I have never replayed a game to see extra content, despite loving many of them dearly. I will choose options to see alternate endings if they are easy and don’t require reworking much of the game.

Something I might choose is an option at the end of the story to return to an area I missed entirely and see the content there, but unless the rest of the game took a different turn, I wouldn’t play through the rest of it again.

You know how some authors have “funny stuff you may have missed” sections at the end of a game? You could use something like this to allow players to see extra stuff if they choose.


Echoing @AmandaB ; I have also never replayed a game to see extra content.

For choice games, I play them and live with my choices. For parsers, I sometimes make a save file right before the endgame and see how else I could have solved it.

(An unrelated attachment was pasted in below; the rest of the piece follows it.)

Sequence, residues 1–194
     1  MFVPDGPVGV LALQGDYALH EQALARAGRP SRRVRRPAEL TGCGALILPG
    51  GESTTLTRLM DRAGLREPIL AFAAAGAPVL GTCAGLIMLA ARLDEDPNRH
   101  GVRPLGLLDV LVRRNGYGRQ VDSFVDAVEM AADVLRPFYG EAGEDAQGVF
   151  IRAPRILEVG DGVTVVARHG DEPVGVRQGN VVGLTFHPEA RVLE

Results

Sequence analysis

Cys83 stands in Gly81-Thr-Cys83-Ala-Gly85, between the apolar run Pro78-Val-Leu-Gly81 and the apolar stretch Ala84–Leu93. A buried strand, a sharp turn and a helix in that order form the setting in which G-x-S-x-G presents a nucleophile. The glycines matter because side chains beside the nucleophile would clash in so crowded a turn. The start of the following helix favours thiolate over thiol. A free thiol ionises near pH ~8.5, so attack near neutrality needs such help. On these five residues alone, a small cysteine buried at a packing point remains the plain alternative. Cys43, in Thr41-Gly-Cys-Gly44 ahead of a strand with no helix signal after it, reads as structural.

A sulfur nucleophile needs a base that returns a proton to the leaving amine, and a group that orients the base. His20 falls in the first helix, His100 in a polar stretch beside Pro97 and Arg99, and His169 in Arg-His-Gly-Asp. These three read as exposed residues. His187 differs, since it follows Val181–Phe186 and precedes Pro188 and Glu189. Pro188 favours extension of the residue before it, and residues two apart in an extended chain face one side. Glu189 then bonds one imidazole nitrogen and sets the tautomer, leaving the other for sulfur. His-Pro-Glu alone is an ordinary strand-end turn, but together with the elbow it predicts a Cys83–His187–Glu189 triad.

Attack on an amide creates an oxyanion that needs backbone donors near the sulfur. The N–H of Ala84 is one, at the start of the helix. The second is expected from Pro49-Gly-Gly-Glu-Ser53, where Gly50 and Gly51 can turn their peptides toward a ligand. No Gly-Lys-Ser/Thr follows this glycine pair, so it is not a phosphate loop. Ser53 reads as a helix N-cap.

The only times I have replayed a game were more like rereading a beloved book. Not for extra content but for the joy of the experience. I replayed Worlds Apart, Photopia and Illuminismo Iniziato. I plan on replaying Lydia’s Heart.


That’s interesting, and I imagine this is the majority position. Replaying to find additional content is a common thing in other genres. Perhaps it is simply less interesting to revisit text. It may be that few games reward a second playthrough. Being able to jump around in the game world, perhaps possessing access to resources in a a sort of NG+ (new game plus) scenario might be a way to encourage further exploration. It might have been good for a few laughs to restart Zork II with the wand (well, with a fully implemented wand anyway) as a reward for beating it.

I am also curious about the extent to which players enjoy exploring content that does not directly contribute to reaching the game’s conclusion. This is optional and sometimes missable content. I cannot think of many IF games that have a lot of optional content (please suggest some! there’s a lot I don’t know). It sounds like Cragne Manor might be one such case, and people seem to enjoy discussing it, though I’m not sure of the extent (or how successfully it motivates players to seek that content out).